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|Case Number:||Cause 113 of 2018|
|Parties:||Jane Gesare Masese v Board of Management Naikuru Pagprimary School|
|Date Delivered:||09 Dec 2021|
|Court:||Employment and Labour Relations Court at Kericho|
|Judge(s):||Onesmus Ndambuthi Makau|
|Citation:||Jane Gesare Masese v Board of Management Naikuru Pagprimary School  eKLR|
|Court Division:||Employment and Labour Relations|
|Case Outcome:||Claimant awarded|
|Disclaimer:||The information contained in the above segment is not part of the judicial opinion delivered by the Court. The metadata has been prepared by Kenya Law as a guide in understanding the subject of the judicial opinion. Kenya Law makes no warranties as to the comprehensiveness or accuracy of the information|
REPUBLIC OF KENYA
EMPLOYMENT AND LABOUR RELATIONS COURT
CAUSE NO. 113 OF 2018
JANE GESARE MASESE............................................................................................CLAIMANT
THE BOARD OF MANAGEMENT NAIKURU PAGPRIMARY SCHOOL.....RESPONDENT
1. The claimant brought this suit alleging discrimination, unlawful dismissal and withholding of her gratuity. The suit seeks the following reliefs:-
a. General damages for discriminations, mental and psychological anguish and defamation.
b. One month salary in lieu of notice
c. 12 months gross salary for loss of employment
e. Compensation for unlawful dismissal at the equivalent of twelve (12) months gross salary.
f. Loss of future earnings
g. Reinstatement of employment thereof
h. Costs of this claim
i. Interest of the above at court rates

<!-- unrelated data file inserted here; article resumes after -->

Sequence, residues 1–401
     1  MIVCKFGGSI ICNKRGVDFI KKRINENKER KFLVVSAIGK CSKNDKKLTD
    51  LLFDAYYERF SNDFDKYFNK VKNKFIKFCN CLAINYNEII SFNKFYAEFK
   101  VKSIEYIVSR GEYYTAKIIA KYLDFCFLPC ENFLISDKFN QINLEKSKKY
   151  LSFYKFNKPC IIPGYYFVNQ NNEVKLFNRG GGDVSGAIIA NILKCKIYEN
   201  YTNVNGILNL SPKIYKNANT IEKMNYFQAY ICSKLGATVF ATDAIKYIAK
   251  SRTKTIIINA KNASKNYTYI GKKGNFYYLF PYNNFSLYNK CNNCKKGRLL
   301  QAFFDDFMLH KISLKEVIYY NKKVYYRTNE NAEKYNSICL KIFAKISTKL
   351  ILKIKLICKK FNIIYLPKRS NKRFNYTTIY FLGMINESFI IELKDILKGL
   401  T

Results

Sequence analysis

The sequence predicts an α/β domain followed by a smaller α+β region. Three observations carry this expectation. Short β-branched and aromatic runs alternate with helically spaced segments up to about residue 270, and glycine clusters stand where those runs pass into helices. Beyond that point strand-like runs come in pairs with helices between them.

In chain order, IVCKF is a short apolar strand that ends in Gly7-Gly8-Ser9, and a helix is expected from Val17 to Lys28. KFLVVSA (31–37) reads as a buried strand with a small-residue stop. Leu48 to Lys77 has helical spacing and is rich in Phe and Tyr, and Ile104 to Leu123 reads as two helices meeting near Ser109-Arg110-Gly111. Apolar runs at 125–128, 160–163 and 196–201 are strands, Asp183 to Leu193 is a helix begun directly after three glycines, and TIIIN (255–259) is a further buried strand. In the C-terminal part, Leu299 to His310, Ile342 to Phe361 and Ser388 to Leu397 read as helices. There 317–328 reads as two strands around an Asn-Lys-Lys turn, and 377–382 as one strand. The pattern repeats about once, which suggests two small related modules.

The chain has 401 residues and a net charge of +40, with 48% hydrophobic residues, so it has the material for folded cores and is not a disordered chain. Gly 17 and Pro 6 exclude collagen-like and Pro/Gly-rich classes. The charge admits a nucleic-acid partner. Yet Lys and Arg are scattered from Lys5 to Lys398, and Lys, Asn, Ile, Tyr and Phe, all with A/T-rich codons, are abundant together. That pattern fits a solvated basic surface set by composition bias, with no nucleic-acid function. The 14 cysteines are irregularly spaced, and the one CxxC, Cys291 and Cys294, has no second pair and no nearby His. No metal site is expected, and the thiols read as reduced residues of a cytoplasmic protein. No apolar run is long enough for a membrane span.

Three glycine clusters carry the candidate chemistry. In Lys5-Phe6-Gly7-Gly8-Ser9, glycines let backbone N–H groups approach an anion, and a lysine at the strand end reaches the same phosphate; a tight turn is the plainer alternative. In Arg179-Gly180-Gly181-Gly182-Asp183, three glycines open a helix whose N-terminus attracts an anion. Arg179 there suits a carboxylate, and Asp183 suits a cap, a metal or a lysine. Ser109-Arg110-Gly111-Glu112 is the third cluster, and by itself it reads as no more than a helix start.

j. The Honourable court do issue such orders and give such directions as it may deem fit to meet ends of justices
2. The Respondent filed defenceon 27.2.2019 denying the alleged unlawful dismissal and averred that the allegation is wild and false. It further averred that it does not employ ECDE teachers and stated that only County Education Board has the mandate to employ such teachers. Therefore, it prayed for the suit to be dismissed with costs.
3. The suit was heard on 6.10.2021 when only the claimant gave evidence and thereafter filed written submissions.
4. The claimant testified that she was employed by the respondent as an ECDE teacher on 3/2/2003 and continued until 2019 when she was dismissed. Her starting salary was Kshs 500 per month but later it was increased to Kshs 3500 per month. She was not registered with the NSSF or the NHIF.
5. In 2014, she appeared before the area Sub county Education Board for interview and emerged one of the successful candidates who attended in induction course at Kari – Kisii. After succeeding in the interview, she was told to go back to her workstation and wait for an appointment letter.
6. In January 2018, she reported to work at 8.00 a.m. but the Head Teacher told her to go back home and wait until the school committee tells her the offence she committed. The committee never called her to inform the reason for the dismissal.
7. She denied any wrong doing and maintained that she had no problems with the Head teacher and she had not been served with any warning letter before the termination. She was also not served with any notice before the termination or accorded any hearing before the termination.
8. She sought the intervention of the respondent but all was in vain as another person was given her position. In her view, the termination was malicious and it exposed her to untold suffering. Therefore, she prayed for reliefs sought in the sit contending that she served for 15 years without going for annual leave, and without being paid medical and house allowance.
9. In her written submission, she urged that the termination violated her right to fair Administrative action as guaranteed by Article 47 of the constitution. She further contend that the termination was contrary to section 41 of the Employment Act which requires that an employee be accorded a hearing before termination of employment.
ISSUES FOR DETERMIANTION
10. Having considered the pleadings, evidence and submissions filed, the following issues arise for determination:-
a. Whether the claimant was employed by the respondent.
b. Whether the employment was unfairly and unlawful terminated.
c. Whether the reliefs sought are merited